Protestants increasingly observe Lent

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On Ash Wednesday, Pastor Mark Hladek will gather his congregation -- Crossroads Christian Fellowship -- together to begin the 40 days of Lent.

Church members will fast that day, which Hladek hopes will remind them of their hunger for God, and they will pray for physical, emotional or spiritual healing. Hladek will ask the congregation to pray and spend more time in Bible study and to set aside a small sum each day during Lent.

"It will be a season for building our hope and expectation in the Lord, culminating in our Easter celebration," Hladek said.

That his church, which is associated with the International Church of the Foursquare Gospel, is observing Lent at all is a surprise.

Long the province of the Catholic, Orthodox, Episcopalian, Lutheran and Presbyterian churches, Lent -- a period of penitence, fasting and almsgiving -- has always been regarded by many Protestants, particularly Evangelicals, as ritualistic or extra-Biblical.

Yet increasingly, Protestant church communities are embracing Lent as a period of reflection and spiritual growth.

Hladek said Crossroads began observing Lent a couple years ago after reading Rick Warren, the pastor-author of The Purpose Driven Life , describe the significance of 40-day periods in the Bible.

Church members, Hladek said, embraced Lent.

While Hladek does not impose ashes on the foreheads of worshippers, as do most mainline priests and pastors, he does ask church members to focus deeply during the 40-day period on a particular theme. Last year, the theme was the many names for Jesus and God. This year, it is hope.

Devotions and scriptural passages related to hope will be e-mailed each day to church members during Lent, and Hladek expects that on Easter Sunday, members will toss in a basket the $1,500 or $1,600 in "small sums" they've saved during Lent. The money will be donated for needs in the community.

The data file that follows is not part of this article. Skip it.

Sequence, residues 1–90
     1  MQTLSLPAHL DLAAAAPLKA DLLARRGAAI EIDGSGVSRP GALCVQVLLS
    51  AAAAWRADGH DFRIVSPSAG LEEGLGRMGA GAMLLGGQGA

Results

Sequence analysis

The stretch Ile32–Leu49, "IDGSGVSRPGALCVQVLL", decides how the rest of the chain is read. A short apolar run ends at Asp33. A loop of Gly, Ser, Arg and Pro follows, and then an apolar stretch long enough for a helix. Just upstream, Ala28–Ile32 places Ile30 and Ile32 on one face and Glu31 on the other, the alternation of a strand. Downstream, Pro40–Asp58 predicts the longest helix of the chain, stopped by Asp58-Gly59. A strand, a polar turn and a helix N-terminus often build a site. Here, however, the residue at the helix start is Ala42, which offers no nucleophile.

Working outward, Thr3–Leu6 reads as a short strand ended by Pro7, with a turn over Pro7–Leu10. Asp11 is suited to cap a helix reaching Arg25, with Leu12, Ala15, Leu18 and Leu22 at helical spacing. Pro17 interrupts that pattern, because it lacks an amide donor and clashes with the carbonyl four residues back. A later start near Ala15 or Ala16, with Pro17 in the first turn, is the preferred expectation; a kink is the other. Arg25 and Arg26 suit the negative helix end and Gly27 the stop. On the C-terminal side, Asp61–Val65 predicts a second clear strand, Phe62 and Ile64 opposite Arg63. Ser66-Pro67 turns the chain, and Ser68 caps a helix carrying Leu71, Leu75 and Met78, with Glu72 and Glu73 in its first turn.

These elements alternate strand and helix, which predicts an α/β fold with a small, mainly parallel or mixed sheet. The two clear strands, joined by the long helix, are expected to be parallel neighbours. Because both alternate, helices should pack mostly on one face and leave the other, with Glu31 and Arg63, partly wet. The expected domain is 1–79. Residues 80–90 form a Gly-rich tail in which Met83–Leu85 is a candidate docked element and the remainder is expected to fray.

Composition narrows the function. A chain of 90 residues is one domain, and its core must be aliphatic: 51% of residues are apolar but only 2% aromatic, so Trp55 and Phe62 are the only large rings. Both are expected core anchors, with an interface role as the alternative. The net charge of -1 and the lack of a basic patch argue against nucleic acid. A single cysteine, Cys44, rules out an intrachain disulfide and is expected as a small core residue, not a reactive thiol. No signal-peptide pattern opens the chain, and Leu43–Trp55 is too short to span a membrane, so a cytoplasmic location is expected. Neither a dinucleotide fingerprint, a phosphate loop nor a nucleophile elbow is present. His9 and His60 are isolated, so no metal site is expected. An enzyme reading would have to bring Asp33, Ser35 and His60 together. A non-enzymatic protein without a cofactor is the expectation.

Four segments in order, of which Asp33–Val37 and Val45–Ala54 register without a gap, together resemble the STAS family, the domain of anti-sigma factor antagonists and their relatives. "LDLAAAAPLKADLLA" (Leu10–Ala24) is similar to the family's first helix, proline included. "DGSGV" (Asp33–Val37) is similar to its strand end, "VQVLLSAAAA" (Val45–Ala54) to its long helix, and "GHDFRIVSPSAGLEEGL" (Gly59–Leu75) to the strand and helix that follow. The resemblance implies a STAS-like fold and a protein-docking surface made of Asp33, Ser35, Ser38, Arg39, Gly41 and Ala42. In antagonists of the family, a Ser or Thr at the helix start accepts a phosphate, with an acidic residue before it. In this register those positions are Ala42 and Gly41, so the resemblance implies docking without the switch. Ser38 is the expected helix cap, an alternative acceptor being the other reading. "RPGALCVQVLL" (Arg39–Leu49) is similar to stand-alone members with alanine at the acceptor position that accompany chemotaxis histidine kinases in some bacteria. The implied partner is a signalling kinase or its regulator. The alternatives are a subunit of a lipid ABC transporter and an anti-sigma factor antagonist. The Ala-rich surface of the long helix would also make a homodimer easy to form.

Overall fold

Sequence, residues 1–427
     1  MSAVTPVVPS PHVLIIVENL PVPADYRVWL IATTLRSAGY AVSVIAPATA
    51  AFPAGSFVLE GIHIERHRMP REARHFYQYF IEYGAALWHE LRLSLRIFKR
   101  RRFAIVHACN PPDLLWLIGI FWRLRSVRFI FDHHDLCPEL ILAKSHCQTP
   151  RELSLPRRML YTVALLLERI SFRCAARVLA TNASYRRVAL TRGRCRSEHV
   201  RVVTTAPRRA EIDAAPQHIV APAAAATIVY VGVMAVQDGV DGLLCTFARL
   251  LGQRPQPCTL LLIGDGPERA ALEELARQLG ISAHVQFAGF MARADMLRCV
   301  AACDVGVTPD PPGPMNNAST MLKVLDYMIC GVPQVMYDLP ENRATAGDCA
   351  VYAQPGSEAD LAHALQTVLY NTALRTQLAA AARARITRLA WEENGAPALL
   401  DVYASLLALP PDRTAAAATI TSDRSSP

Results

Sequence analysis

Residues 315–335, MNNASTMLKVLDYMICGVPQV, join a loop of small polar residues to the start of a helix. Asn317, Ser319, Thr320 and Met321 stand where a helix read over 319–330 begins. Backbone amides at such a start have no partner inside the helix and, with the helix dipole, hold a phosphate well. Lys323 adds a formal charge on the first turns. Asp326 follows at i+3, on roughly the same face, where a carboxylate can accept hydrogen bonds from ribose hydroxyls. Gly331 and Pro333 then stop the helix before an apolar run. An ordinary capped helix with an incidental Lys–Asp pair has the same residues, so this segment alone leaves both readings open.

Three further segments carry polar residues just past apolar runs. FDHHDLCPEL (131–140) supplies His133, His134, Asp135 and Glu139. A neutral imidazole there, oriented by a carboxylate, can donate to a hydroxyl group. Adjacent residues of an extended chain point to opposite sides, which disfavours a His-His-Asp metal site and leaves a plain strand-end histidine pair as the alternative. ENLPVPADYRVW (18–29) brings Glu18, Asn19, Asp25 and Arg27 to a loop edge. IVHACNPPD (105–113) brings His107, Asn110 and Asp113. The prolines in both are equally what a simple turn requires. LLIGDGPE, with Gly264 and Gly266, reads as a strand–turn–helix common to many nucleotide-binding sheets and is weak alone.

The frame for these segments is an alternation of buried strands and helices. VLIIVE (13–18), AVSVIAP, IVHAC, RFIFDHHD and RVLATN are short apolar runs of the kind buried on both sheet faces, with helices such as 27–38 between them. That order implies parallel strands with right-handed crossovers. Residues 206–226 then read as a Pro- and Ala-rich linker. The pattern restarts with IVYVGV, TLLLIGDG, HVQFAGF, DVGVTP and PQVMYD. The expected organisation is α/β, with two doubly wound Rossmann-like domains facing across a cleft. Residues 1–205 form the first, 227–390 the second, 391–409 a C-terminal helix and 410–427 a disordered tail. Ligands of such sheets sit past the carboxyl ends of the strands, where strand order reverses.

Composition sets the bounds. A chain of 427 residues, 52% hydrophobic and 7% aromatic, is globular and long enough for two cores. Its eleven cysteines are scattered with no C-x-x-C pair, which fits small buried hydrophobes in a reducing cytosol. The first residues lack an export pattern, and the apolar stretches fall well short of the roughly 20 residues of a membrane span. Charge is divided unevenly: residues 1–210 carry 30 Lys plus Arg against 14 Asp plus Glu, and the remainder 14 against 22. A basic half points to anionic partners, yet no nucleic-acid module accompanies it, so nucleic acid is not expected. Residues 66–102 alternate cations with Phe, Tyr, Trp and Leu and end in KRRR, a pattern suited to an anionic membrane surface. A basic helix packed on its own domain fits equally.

"It gives us as a church a common way to approach the season and gets us on the same page," Hladek said.

Steve Goodier, pastor at Christ United Methodist Church in Salt Lake City, said Methodists began observing Lent more in recent decades.

"We've become more ritualistic," he said, a direct result of ecumenism between Catholics and Protestants since in the 1960s.

"My sense is that the church today may feel like the early Protestants threw out the baby with the bath water," he said. "Now a lot of the stuff is coming back in."

In short Ash Wednesday services early in the morning and in the evening on Ash Wednesday, Goodier will inscribe the cross on the foreheads -- or the hands -- of members and suggest the ashes remind them of the hope they have in Jesus.

The words he uses vary each year. Hope is the theme of the Lenten season for his congregation this year.

Rather than focusing on penitence, Methodists use Lent to focus on the spiritual life and growth, Goodier said. Rather than give something up, Methodists often take something on. "It's a time to deepen our relationship with God."

Neal Humphrey, pastor of Westminster Church in Fruit Heights, said he will impose ashes, as is the Presbyterian custom, on Ash Wednesday, and those seeking confirmation in the church will begin meeting with their mentors that night.

Humphrey said he will remind those gathered Wednesday night that the ashes represent the old life and Lent -- derived from an old English word for springtime -- means "time for a change."

He hopes to tap into members' "holy sorrow," or perhaps even anger, for falling short of God's purpose, he said. "The most hope-filled word in the Christian language is repent. You really can change, you really can lead a better life and Lent is an opportunity to intentionally do that."

"I hope they'll take it to heart and realize that God can help them live a transformed life ... that they can be opened up to what God's purpose is for their life."

Westminster members are encouraged to amp up their spiritual practices -- prayer and study -- during Lent, and a study group will delve into the spiritual exercises of Ignatius of Loyola.

At Good Shepherd Lutheran Church in Sandy, Ash Wednesday is like New Year's Day, a time to resolve to put the past behind and resolve to do better, Pastor Jeff Nellermoe said.

"It's a time of repentance. It's a reflective time."

Good Shepherd has mid-week services during Lent, usually after a soup supper.

Lent, Nellermoe said, is time that Christians rediscover the resurrection. "Lent stirs all that up again and so you have a fresh appreciation of that grace."

Where to observe Ash Wednesday

Observances on Feb. 25 with imposition of ashes include:

» The Cathedral of the Madeleine, 309 E. South Temple, Salt Lake City, 8 a.m., noon, and 6 and 8 p.m.

» Cathedral Church of St. Mark, 231 E. 100 South, Salt Lake City, 7 a.m., noon and 7 p.m.

» Christ United Methodist Church, 2375 E. 3300 South, Salt Lake City, 7 a.m. and 7 p.m.

» First Presbyterian Church, 12 "C" St., Salt Lake City, 6:15 p.m.